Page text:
A gene linked to Alzheimer's has been linked to brain changes in childhood. This gene, SORL1, has two connections to Alzheimer’s: it carries the code for the sortilin-like receptor, which is involved in recycling some molecules before they develop into amyloid-beta; it is also involved in lipid metabolism, putting it at the heart of the vascular risk pathway.
Brain imaging of 186 healthy individuals (aged 8-86) found that, even among the youngest, those with a specific variant of SORL1 showed a reduction in white matter connections. Post-mortem brain tissue from 269 individuals (aged 0-92) without Alzheimer's disease, found that the same SORL1 variant was linked to a disruption in the process by which the gene translated its code to become the sortilin-like receptor, and this was most prominent during childhood and adolescence. Another set of post-mortem brains from 710 individuals (aged 66-108), of whom the majority had mild cognitive impairment or Alzheimer's, found that the SORL1 risk gene was linked with the presence of amyloid-beta.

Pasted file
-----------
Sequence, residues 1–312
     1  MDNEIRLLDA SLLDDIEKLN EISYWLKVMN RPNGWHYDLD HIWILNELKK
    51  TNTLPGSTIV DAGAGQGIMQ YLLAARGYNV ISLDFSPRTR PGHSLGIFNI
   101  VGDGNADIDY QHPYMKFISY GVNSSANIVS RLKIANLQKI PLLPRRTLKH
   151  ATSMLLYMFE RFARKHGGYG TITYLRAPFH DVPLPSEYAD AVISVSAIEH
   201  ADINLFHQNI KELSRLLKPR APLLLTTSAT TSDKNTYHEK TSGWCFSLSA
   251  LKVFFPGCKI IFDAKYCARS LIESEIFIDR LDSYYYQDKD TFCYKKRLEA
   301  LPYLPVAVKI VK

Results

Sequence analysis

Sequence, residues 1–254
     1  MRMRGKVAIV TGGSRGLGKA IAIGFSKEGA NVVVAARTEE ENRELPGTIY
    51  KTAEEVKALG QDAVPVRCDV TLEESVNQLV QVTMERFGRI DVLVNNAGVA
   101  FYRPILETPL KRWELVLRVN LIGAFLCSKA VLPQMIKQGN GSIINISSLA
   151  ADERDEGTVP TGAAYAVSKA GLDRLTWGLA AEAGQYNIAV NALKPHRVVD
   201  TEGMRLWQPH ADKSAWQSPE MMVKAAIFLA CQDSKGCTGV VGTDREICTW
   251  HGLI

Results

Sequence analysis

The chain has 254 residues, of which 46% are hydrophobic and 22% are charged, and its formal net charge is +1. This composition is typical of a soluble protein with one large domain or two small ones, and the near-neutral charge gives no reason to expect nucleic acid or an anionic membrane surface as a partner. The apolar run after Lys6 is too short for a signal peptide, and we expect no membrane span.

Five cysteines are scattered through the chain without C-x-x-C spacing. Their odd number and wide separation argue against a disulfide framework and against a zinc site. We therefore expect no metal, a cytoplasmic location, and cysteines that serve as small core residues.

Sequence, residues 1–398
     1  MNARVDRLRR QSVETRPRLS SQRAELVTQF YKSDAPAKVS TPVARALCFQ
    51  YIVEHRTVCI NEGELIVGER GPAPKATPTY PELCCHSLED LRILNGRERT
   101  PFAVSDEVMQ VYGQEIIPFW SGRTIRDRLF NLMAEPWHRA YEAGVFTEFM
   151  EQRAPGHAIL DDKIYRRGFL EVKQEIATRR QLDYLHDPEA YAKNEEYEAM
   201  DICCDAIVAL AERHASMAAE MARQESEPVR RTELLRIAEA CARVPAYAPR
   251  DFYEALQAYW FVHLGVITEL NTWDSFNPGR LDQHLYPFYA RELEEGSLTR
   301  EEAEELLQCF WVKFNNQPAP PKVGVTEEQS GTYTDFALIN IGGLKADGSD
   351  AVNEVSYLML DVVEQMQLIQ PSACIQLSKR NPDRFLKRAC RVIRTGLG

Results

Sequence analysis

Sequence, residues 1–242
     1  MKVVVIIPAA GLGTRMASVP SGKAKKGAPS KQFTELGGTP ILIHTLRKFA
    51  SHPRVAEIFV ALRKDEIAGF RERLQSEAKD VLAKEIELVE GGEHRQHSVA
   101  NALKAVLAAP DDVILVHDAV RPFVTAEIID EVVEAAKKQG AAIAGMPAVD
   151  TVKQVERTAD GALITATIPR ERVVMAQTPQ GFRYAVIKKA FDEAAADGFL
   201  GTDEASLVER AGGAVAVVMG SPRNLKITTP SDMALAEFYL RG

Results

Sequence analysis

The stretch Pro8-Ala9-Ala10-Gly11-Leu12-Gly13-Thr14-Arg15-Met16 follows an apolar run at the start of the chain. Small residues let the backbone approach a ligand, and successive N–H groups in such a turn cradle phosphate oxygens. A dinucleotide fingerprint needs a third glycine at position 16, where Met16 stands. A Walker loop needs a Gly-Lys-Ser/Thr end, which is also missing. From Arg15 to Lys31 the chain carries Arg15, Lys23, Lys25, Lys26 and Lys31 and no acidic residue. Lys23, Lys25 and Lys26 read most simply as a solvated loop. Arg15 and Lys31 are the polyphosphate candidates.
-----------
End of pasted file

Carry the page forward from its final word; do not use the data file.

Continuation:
It may be that, for those carrying this gene variant, lifestyle interventions may be of greatest value early in life.
(2013). The SORL1 gene and convergent neural risk for Alzheimer’s disease across the human lifespan.